Tennesee Man Who Was Wrongfully Imprisoned For 31 Years Gets $1 Million Payout
In 1978, Lawrence McKinney was sentenced to 115 years in prison on rape and burglary charges — crimes he maintained he never committed.
But he would spend about 31 years in prison before his name was finally cleared. In 2008, DNA testing of the victim’s bedsheets revealed that none of the sets of DNA matched McKinney’s profile. He was released the following July and given a measly $75 by the Tennessee Justice System.
After his release, he began a long and arduous legal battle to get a formal exoneration from the governor’s office, which was complicated by the Tennessee Board of Parole’s reluctance to accept the validity of the DNA evidence. Fortunately, Tennessee Governor Bill Haslam still formally exonerated McKinney on December 20th, 2016, which made it possible for McKinney to receive a higher payout from the state for his wrongful imprisonment.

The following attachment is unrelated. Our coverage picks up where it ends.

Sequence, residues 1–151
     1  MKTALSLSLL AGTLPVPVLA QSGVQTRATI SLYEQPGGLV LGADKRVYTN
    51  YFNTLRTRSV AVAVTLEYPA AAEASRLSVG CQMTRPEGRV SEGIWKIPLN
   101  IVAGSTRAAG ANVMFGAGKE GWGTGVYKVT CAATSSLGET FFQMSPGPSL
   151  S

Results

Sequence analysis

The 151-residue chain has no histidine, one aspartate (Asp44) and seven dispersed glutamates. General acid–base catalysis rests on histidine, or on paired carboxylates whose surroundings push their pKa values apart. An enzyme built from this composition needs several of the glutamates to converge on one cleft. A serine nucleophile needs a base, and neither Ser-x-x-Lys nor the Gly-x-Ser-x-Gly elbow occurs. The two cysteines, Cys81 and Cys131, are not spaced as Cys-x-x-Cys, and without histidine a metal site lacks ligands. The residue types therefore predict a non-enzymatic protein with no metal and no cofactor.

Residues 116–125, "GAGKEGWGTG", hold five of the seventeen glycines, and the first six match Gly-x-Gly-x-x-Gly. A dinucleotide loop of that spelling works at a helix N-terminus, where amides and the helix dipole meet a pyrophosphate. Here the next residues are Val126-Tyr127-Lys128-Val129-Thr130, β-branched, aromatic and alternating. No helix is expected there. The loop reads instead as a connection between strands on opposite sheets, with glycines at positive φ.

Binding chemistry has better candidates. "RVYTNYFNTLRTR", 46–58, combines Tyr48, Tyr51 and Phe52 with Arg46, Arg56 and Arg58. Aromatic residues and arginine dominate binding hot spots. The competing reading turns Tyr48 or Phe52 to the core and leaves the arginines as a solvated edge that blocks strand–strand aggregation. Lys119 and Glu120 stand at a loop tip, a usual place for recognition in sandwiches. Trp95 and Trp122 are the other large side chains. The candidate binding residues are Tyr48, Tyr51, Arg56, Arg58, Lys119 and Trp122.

On March 21st, the Tennessee Board of Claims voted unanimously to give McKinney a $1 million payout, the highest possible amount they could award him.
McKinney will receive an initial lump sum of $353,000 — most of which will go towards paying his legal fees. He’ll also receive a monthly payment of $3,300 for at least 10 years. “In my age, it helps me so I won’t have to work so hard,” he said. “In prison, I had to work so hard for nothing.”
But as attorney Jack Lowrey clarified, “He hasn’t shown as much interest in the money part of it. He wanted his name cleared, and the amazing thing, he wasn’t angry at anybody.” And since his release, he’s been able to make a new life for himself. He’s now married and very involved with the community at Immanuel Baptist Church. Most importantly, he’s happy.
“Although I’ve spent more than half of my life locked up for a crime I did not do, I am not bitter or angry at anyone, because I have found the Lord and married a good wife,” McKinney told CNN. “All I ask is that I be treated right and fair for what has happened to me. I didn’t do nothing, and I just want to be treated right.”
What an incredibly kind and forgiving man. I can’t imagine what it was like for him to spend decades behind bars for something he didn’t do, but I’m glad he finally got his second chance at life.